Monday, February 28, 2011

The Basket – Letting Go

The hardest part is letting go. It requires mindfulness to actually succeed in releasing my grip (that I try to convince myself that I do not have). I never knew that I had such a stronghold on certain people, events, and places until recently. There are triggers all around to remind me that we are always in a state of change. We are in constant motion and there is nothing before or after the moment that is concrete, therefore letting go is the only option.

I stood in the middle of the CVS store in front of a half empty Valentine’s display. A few plastic hearts filled with candies and small cardboard heart shaped boxes containing cheap chocolates cluttered the dusty shelves. I stared at the huge yellow sign – ‘75% off’. Wow, I should take advantage of that. At least that is what I thought. I wanted to pinch myself when I realized that I was falling for some pathetic way of thinking. I reached for my cell phone to check the date. Valentine’s Day was two weeks ago. I wondered if my daughter would prefer skittles or M&M’s. Either one is pure crap, loaded with sugar, colors, chemicals to be ingested in an attempt to fill that ever gaping void that seems to threaten to swallow us whole if we aren’t careful. When my children were young, I would go to great lengths to find beautiful, pure, organic treats. Everything was innocent and lovely, fresh and new, hopeful and exciting.

The silent screams of pink, blue and green plastic baskets, wide eyed bunnies and yellow marshmallow chicks pecked into my thoughts. My eyes wandered to the Easter paraphernalia crowding around me in the most obvious way. “Anna, when is Easter?” I asked while feeling how amazingly light the small package of Cadbury Mini Eggs felt in my hand. I imagined resisting the urge to bite into one. I wondered if Jesus would have that same patience if he ate a Cadbury Mini Egg… Ignoring a glimpse of my willingness to give in to the wicked temptation of more crap, I tossed them back onto the pile.

“Some time in April I think.” She twirled a curl around her finger like she has done since it was long enough to reach.

I took pride in never submitting to marketing scams. I taught my family the significance of the act of loving in every day life and that it was practically a mortal sin to dash off to the store to buy a Valentine’s Day card or Mother’s Day card. “It’s just making the card companies rich. We should express our love authentically and celebrate every day in all that we do.”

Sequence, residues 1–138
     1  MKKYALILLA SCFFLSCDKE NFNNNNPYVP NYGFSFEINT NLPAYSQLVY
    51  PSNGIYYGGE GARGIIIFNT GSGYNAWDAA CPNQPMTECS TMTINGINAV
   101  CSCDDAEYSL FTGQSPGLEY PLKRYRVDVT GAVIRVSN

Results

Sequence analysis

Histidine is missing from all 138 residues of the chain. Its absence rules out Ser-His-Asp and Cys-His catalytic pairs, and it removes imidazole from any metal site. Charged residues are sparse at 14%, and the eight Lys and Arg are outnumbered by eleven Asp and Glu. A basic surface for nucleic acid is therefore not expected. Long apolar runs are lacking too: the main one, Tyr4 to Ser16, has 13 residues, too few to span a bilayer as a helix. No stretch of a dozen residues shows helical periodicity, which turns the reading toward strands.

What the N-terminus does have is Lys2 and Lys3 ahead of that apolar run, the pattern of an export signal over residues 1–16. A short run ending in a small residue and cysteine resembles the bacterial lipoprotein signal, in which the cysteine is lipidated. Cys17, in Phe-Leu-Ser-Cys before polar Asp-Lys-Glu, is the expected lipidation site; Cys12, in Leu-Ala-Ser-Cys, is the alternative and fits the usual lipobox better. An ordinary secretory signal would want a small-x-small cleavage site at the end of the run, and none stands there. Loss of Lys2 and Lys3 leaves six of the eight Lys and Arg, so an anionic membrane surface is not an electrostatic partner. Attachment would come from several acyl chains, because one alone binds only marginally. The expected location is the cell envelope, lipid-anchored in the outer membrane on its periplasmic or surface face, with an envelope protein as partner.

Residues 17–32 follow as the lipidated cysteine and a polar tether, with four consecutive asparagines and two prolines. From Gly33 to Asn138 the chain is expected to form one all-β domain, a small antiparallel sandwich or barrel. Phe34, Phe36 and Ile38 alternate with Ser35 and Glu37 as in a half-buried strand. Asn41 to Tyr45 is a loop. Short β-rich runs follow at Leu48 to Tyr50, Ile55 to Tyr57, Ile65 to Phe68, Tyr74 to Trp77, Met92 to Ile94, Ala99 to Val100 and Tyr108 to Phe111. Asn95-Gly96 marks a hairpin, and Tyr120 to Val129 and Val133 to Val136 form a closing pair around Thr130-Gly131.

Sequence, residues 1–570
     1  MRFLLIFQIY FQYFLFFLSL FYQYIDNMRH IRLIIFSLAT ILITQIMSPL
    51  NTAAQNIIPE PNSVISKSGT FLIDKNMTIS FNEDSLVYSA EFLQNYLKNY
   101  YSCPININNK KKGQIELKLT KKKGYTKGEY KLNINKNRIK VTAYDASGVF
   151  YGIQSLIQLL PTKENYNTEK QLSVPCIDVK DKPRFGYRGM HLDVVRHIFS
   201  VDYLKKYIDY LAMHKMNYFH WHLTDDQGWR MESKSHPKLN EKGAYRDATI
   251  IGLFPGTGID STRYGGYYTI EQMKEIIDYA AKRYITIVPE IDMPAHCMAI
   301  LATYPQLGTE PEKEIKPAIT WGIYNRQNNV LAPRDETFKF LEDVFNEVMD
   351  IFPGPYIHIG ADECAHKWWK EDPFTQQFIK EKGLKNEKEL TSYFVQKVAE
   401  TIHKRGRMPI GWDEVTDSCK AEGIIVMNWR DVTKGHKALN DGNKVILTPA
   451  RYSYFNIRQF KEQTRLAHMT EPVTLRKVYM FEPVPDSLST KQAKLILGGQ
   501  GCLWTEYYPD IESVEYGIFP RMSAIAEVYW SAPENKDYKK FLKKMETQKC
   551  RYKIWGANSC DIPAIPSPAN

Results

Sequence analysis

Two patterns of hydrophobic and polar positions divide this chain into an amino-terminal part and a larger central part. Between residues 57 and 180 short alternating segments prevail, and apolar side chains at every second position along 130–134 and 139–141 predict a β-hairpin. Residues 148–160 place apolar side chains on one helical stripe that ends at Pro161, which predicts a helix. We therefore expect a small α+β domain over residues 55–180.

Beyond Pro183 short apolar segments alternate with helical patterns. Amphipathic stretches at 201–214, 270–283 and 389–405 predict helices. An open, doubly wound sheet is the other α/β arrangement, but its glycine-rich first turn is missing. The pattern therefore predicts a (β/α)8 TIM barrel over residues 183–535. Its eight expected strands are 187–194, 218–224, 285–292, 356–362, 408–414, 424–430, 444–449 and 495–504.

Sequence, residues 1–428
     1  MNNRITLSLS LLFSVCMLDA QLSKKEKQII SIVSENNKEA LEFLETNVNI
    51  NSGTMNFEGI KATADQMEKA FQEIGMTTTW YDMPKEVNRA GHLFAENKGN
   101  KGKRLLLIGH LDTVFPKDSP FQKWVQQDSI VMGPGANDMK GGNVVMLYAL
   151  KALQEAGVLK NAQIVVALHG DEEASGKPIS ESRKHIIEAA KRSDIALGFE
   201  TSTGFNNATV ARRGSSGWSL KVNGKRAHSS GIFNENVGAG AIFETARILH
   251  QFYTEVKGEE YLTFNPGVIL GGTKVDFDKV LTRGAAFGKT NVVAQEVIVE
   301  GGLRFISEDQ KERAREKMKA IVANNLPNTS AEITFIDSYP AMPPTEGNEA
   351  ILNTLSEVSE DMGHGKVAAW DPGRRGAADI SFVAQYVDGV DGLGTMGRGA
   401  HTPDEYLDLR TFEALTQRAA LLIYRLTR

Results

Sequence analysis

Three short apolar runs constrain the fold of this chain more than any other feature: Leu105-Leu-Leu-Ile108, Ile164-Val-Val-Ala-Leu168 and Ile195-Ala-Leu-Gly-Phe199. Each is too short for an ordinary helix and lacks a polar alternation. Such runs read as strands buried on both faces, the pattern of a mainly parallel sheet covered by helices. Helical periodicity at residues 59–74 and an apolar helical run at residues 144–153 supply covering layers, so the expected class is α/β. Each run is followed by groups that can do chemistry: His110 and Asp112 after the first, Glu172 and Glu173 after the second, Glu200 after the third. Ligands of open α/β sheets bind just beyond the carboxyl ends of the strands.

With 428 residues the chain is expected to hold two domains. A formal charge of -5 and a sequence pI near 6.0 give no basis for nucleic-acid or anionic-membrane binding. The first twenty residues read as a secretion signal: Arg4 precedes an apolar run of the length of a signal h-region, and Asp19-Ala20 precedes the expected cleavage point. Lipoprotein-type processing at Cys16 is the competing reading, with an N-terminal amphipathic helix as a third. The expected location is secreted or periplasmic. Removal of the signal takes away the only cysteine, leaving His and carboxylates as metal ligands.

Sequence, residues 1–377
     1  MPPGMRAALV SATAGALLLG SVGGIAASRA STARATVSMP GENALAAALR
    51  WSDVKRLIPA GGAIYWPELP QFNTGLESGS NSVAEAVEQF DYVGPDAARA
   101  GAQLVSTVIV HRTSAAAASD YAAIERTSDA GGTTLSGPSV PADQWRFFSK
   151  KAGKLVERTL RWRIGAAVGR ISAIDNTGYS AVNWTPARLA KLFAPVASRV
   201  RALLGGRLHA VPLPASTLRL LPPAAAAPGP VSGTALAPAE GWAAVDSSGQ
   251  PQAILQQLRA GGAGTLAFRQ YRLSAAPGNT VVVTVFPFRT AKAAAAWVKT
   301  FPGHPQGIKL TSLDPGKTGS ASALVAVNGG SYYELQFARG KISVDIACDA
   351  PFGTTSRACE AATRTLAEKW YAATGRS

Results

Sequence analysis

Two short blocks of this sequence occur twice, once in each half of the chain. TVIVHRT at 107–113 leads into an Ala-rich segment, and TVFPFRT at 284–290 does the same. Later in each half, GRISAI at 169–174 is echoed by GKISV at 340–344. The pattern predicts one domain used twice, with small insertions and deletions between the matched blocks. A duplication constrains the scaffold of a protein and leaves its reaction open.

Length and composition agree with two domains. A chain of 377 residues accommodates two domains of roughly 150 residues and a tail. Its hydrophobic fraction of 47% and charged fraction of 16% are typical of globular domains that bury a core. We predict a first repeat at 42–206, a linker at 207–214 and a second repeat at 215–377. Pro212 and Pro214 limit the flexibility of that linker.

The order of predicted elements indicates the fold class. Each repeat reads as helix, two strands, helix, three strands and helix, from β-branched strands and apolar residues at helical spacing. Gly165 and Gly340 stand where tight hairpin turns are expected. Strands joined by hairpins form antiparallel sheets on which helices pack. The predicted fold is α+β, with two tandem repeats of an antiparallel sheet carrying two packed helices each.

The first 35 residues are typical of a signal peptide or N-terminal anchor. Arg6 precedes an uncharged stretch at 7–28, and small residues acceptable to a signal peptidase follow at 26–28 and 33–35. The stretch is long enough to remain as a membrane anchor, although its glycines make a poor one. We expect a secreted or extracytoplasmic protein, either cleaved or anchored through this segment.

We spent hours making the most eloquent Valentine’s cards in a Victorian manner. The table and butcher block island in the kitchen would be covered with paper lace, pink and red construction paper, glue, glitter and the previous year’s Victoriana Calendar cut into scraps. We even made the envelopes. Then it was time to bake heart shaped cookies using the healthiest, heartiest ingredients. We celebrated love with family and friends, never weakening or giving in to the pressure to sink our money into the commercialism of the holiday.

I have accepted rocks, dandelions, drawings and unidentifiable things made from pipe cleaners for Mother’s Day. I used to tell my children, “Mother’s Day is every day. It is such a treat for me to kiss your boo-boos, sing lullabies, read bedtime stories and go for walks with you. It is a day for me to be thankful, just like every other day.”

So here I was buying a plastic heart filled with Skittles for my grown daughter in a CVS store. Clearly, I had lost my mind. There is this almost queasy feeling that I get and recently discovered (much to my dismay) that when my children left the nest and then return home…In my almost unconscious desire to hang on, I emerge in the most unusual way. It is awkward and I believe fear driven, especially in regards to my daughter who has chosen the life of a gypsy.

My prayer is to let go with trust and unconditional love. This is perhaps the most vital and difficult time for a mother. It is necessary and possible. The alternative is unthinkable.

Of course this is not the first time I have experienced this phenomenon. When my violinist son gets ready to return to Boston after a visit, I ransack the cupboards and refrigerator to give him whatever I think will be sustaining – a maternal memento.

On my way to the airport to drop off my son the sailor before he left on his first West Pacific Tour, it hit hard. Without warning, I had an incredible longing. As his mother, I felt like I had to do something…anything. I kept looking at him and thinking…wow…at some point in time, he evolved from wearing Batman pajamas with a cape velcroed on his back, to a 6’5” man in a sailor uniform about to navigate a cruise missal destroyer.

It’s the same as when a caterpillar transforms into a butterfly; you can watch it but never really see when it happens. It just does. That day I had to accept that my son didn’t need me anymore, at least not in the same manner. I knew this intellectually, but emotionally it wasn’t happening.

I panicked when I realized that I didn’t have anything to give him. I was relieved when I found a pack of gum in my pocketbook. I offered it to him. He hesitated, and then gladly accepted it. It was comforting for us both.

I used to bring a basket filled with granola bars, fruit snacks and drinks in the jeep when we went to the music school and all of our orchestra rehearsals and such. The basket was always ready, filled and a reminder of mother caring for her children’s needs. I miss that basket. Sometimes it’s difficult to accept that I don’t need it anymore, but it is always there as a reminder and compass and nourishment for the soul, should the need arise.

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